In honor of her late husband (Dr. Douglas R. Miller), Mrs. Miller reflected upon her husband’s intellectual history, advanced degrees, moral integrity and character, and his love for teaching. Among the many diverse scholarly activities, including earning his Ph.D. in educational psychology from Indiana University in 1970. He also received his Theological degree and became an ordained minister, where he had practiced as an assistant pastor at Irvington Presbyterian Church in Indianapolis. During his tenure at Miami University, he published chapters in books, numerous articles, manuscripts, and was the senior author for the second edition textbook Educational Psychology. He was defined as “the most significant “within the Tenure and Promotion sections of the Miami University Policy and information Manual.
It is clear that although Dr. Miller could have selected any high-paying profession of his choice, he instead chose to follow the work he loved the most, applying his expertise as a teacher committed to learning. In so doing, Dr. Miller joined the Educational Psychology department faculty at Miami University. Dr. Miller was committed to teaching his students and prepared interesting and informative lessons to them. His students frequently spoke of how enjoyable and helpful his classes were.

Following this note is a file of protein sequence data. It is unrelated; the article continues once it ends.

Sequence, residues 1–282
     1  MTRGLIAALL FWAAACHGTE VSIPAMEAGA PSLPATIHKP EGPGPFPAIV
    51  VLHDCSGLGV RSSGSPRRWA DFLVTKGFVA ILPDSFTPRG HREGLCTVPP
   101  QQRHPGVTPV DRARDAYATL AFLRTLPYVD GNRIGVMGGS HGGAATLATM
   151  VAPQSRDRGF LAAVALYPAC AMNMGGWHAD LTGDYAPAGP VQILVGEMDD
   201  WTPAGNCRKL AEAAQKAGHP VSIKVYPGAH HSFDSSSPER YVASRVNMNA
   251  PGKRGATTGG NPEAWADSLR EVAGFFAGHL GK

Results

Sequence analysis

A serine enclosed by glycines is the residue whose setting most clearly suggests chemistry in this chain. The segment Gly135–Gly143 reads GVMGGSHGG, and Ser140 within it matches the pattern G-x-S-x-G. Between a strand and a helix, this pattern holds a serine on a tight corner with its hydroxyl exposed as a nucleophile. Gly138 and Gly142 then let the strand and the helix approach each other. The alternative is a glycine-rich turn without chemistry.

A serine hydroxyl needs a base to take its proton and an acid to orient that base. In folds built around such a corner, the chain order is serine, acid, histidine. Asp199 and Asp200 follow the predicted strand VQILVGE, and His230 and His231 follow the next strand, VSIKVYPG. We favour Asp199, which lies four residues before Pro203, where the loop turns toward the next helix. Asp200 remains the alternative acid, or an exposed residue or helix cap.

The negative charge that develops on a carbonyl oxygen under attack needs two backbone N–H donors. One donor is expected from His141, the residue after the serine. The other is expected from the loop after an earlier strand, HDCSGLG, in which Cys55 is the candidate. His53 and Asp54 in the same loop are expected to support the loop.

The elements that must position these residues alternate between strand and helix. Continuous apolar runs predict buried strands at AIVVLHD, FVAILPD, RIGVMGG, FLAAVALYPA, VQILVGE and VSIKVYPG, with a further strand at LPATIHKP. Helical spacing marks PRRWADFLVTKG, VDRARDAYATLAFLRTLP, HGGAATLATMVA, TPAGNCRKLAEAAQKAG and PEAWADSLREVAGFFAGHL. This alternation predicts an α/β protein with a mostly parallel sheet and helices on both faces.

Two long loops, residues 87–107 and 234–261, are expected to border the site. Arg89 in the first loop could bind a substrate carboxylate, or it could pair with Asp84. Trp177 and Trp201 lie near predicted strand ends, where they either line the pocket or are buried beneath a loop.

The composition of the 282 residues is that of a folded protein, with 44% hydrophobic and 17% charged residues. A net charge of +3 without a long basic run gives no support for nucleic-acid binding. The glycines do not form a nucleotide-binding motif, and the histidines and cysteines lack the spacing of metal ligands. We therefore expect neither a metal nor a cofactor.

Sadly, Dr. Miller passed away at the age or 49 in 1988, and in honor of his memory, Mrs. Miller continues his love for students by sponsoring in his name a scholarship to one special outstanding student who reflects the intellectual and scholarly abilities of her husband as well as the kindness and spiritual understanding and insight which he possessed and generously shared. It is Mrs. Miller’s heartfelt speech that moved me to the point that I asked Mrs. Miller if I could share her speech to other school psychologists.
Mrs. Miller is allowing me the honor of present her speech and her desire to continue on with the love and impact her wonderful husband had upon so many people over his short 18 years he served as a teacher and scholar. Mrs. Miller stated that many of her late husband’s students continue to serve as school psychologists and according to her, it would be a surprise for them to see how his legacy continues. So, please take a moment to read below her wonderful insightful award presentation to the audience.
- Next >>